Tag Archives: Melmerby

Latest Weekend Wanderings.

When I haven’t been to the caravan for a couple of weeks, I’m always amazed at the changes in the garden. Not being a gardener at all, I struggled to identify this latest blossoming shrub. Any ideas?

My poor pansy pot has been used by a moth to lay their eggs in the flowers. The culprit is below. I think it’s an Angle Shades Moth. Oh well! It’s good to give back to nature. ๐Ÿ˜ƒ

Saturday morning in Melmerby and the church was all decorated for a wedding with pretty white wildflowers.

And there’s always something to see on little walks round about the village.

In the afternoon we went to Honister Slate Mine where Wil would be going to Infinity and Beyond! His Birthday present from me this year was an Infinity Bridge Experience at Honister. Rather him than me! Scroll down for Wils photo of the bridge. Meanwhile Hugo and I explored around the site. There are some cool slate sculptures. ๐Ÿ˜š

Wil was buzzing after the Infinity Bridge.

I had noticed several people heading up the fells from the Honister Car Park. Has anyone done a Wainwright from there?

We then went for tea at Mary Mount Hotel near Keswick. The terrace has wonderful views. ๐Ÿฅฐ

How was your weekend?

Spring In Melmerby.

Over the Easter Weekend we spent quite a bit of time walking the dog around Melmerby. We are still discovering new footpaths there, it’s a lovely place for a wander, especially at this time of year.

I still love my original What To Look For In The Seasons Ladybird Nature Books , which were first published in the fifties and sixties. Ladybird brought out a new set last year, they are also quite charming. The Spring book accompanied me on my recent walks.

Melmerby is the kind of village , where I often find myself doing double-takes! This Easter I have seen 2 children walking their pet ferrets, a Grandmother taking the little ones bare back riding on a sturdy horse, a man whizzing round a field in a pony and trap and several llamas being led along the Village Green.

Here are a few photos from Melmerby in the Spring.

Daffodils on the Green.
Lungwort.
Melmerby mud and Rosie Sandstone buildings.
Pied Wagtail.
Blossom.
Honesty.
Peacock Butterfly ๐Ÿฆ‹ enjoying a sunny spot.
Little Ford.
Little Lamb.
New Life in the fields.
Dog Violet.
Yellow Hammer.

Thanks for dropping by. ๐Ÿฆ‹๐ŸŒผ

Ten Things To Do In Melmerby Without Using The Car.

Today I am blogging about our second home, our bolt hole ~ The village of Melmerby in Cumbria’s Eden Valley.

You may be forgiven for thinking that the sleepy Eden Valley village of Melmerby doesn’t have that much to do for the discerning Holiday Maker. But times, they are a changing. 2022 is looking good as established businesses are back on their feet and welcoming visitors once again. I have found ten things you can experience whilst stopping in Melmerby, without starting up your car. So relax and Enjoy. ๐Ÿฅฐ

Head To The Local. A Village doesn’t feel like a village unless it has a local pub. Luckily Melmerby does have a lovely local , which also serves pretty decent food too. The Shepherds Inn usually has at least three Real Ales on tap and theres a good selection of gins. My favourite spot in the pub is on the sofa by the wood burning stove. Find us there with a tipple, a tapas board and a Labrador by our feet.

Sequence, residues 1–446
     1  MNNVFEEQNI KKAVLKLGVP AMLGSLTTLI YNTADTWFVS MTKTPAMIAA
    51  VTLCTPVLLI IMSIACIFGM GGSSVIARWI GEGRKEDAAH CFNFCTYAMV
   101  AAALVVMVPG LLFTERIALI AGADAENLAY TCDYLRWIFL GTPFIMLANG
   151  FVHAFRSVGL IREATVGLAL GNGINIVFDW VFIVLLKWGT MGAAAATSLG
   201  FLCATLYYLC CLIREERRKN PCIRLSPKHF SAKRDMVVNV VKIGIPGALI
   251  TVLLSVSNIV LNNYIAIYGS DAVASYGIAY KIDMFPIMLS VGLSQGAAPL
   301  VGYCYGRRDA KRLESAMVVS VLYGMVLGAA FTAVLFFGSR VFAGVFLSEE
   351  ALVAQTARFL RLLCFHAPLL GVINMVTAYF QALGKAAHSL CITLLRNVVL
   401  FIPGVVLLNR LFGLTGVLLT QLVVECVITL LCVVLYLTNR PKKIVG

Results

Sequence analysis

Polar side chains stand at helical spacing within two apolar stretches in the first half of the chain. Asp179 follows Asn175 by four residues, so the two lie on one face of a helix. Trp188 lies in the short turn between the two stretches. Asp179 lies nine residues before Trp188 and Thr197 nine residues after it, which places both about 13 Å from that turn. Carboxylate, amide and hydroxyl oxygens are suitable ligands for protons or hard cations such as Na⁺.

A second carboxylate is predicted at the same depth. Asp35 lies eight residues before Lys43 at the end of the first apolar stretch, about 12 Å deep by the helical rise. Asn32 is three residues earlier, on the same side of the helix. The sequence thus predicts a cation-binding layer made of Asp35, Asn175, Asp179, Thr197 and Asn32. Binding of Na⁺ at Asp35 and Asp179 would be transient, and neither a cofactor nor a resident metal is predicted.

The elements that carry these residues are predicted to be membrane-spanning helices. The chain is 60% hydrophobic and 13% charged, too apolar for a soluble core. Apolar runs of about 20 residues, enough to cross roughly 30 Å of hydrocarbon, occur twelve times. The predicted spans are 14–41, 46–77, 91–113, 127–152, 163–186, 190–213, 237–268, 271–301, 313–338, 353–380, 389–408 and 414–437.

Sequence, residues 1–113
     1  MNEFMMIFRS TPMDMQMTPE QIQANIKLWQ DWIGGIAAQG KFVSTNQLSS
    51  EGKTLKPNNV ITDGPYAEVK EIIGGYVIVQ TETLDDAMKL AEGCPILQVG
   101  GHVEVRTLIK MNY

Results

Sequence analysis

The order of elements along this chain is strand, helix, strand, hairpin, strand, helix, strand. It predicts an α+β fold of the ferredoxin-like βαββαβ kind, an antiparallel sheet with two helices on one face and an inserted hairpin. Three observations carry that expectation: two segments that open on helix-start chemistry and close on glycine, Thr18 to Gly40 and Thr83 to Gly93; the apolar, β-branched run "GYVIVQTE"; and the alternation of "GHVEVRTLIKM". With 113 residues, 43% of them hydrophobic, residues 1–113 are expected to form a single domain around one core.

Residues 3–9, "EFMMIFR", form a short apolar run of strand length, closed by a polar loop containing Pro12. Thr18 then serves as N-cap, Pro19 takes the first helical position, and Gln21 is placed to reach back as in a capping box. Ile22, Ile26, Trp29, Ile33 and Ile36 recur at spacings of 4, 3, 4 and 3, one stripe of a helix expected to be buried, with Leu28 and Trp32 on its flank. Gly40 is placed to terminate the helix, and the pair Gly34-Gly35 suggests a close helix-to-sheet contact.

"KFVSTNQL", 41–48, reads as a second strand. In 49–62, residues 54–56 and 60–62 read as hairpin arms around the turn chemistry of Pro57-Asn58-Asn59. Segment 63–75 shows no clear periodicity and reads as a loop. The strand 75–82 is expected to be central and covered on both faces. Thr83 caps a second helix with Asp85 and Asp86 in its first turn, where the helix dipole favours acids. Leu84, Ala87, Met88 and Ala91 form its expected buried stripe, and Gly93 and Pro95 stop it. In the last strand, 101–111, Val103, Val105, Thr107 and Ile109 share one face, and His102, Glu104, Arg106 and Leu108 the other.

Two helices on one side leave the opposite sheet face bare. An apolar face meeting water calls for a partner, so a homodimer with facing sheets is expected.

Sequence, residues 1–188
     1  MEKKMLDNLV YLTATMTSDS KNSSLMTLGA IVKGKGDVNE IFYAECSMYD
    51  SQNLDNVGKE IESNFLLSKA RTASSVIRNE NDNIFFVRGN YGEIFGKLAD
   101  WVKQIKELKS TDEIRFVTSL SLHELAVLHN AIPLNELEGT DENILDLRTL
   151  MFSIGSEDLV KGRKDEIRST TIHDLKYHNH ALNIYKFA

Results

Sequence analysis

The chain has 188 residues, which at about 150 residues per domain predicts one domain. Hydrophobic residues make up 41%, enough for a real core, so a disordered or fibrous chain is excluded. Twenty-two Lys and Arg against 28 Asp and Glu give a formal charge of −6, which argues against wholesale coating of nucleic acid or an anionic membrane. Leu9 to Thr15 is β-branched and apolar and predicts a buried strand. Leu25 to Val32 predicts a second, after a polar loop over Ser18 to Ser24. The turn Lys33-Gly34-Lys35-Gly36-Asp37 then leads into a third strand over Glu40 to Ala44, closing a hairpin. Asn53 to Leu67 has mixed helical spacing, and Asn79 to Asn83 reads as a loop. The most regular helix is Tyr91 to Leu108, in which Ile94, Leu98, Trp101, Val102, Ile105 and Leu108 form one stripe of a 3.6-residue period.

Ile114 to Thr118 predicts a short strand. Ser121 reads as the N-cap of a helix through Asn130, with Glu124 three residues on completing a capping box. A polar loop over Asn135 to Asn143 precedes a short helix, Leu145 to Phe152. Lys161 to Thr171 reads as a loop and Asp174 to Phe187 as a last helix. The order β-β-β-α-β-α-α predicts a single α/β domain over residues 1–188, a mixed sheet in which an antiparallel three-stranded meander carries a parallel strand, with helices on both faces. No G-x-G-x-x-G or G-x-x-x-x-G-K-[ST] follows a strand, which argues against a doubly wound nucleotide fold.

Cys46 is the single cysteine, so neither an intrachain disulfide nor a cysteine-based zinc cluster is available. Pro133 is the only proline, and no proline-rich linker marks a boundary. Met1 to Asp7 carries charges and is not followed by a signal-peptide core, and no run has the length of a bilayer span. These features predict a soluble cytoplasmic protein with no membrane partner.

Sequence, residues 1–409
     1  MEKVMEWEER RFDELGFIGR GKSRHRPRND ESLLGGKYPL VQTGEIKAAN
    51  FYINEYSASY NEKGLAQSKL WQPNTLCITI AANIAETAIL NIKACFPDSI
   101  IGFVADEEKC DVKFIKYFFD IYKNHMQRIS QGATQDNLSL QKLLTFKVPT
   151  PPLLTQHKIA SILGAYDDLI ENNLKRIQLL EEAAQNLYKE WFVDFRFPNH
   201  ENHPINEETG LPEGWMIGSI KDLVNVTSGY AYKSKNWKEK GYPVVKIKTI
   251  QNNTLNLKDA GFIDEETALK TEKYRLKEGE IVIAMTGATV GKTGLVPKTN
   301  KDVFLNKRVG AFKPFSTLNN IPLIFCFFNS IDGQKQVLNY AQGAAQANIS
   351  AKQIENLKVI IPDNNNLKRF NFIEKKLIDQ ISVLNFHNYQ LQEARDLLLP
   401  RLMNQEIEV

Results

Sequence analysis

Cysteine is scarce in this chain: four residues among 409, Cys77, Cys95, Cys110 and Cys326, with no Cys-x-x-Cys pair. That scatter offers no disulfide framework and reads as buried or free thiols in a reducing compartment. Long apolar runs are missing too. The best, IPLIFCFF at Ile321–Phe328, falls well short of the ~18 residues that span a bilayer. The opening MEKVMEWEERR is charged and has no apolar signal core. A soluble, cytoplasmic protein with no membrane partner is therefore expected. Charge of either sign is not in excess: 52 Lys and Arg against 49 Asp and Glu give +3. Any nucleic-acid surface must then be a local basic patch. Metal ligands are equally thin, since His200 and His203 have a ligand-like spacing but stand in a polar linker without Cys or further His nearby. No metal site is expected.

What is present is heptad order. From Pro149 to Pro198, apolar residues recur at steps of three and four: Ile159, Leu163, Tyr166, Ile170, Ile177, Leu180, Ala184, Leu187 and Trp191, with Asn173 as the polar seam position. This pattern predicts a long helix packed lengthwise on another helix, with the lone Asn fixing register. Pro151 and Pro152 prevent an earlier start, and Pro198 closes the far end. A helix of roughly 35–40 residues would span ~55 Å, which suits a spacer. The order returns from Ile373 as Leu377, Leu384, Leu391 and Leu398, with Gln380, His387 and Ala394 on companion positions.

Explore The Village Green. My favourite part of Melmerby is it’s huge Village Green. Much of it is kept by the locals as a Wildflower Meadow, which proves popular with a variety of insects and butterflies. In March Daffodils dance in the breeze and in late Summer/ Autumn ,colourful waxcaps appear in the grass. Theres a small pitch for a game of football and a Swing from which to admire the view. Look out for an Andy Goldsworthy Sheepfold sculpture by the beck.

Walk To A Nearby Pub. If you fancy a Pub Walk, then a nice idea ( one that we have yet to try! ) would be to walk to the nearby village of Ousby and enjoy a pint at The Fox ๐ŸฆŠ Inn , which is opposite the Caravan Park there. Hopefully I will get around to doing this in 2022!

Get Up Close and Personal with Adorable Llamas. Happy days for Melmerby visitors! Lakeland Llama Treks have relocated to the village and it is an adorable sight seeing these beautiful pack animals being exercised on the green. I have been on two Llama treks with them in the past and I would love to walk with llamas again. A mini Llama Trek lasts an hour and is ยฃ25 per person.

Animal Encounters. Lakeland Llama Treks are also offering Animal Encounters at their new home ‘ Ravenstone Country Manor’ in Melmerby . I am dying to get here for a nosy. ๐Ÿ˜‹ I am not entirely sure which animals are involved but the website does mention rabbits, llamas and Shetland ponies. ยฃ15 per person.

Book The Indoor Swimming Pool. Hurrah, Melmerbys own private Indoor Swimming Pool has reopened its doors once again for 2022. The Tower House Pool looks perfect for small groups to hire ( no more than 8) at a charge of ยฃ30 for an hour and a further ยฃ5 to book the sauna too.

Get Your Walking Boots On. Yes Melmerby literally sits at the foot of Melmerby Fell, one of a range of North Pennine Summits you can bag on a walk from the village. Well worth the hike for views of the better known Lake District Fells and a chance to walk part of The Maiden Way, an old Roman Road. For lower level walks, there is also a pretty bridle way from Melmerby to the hamlet of Unthank.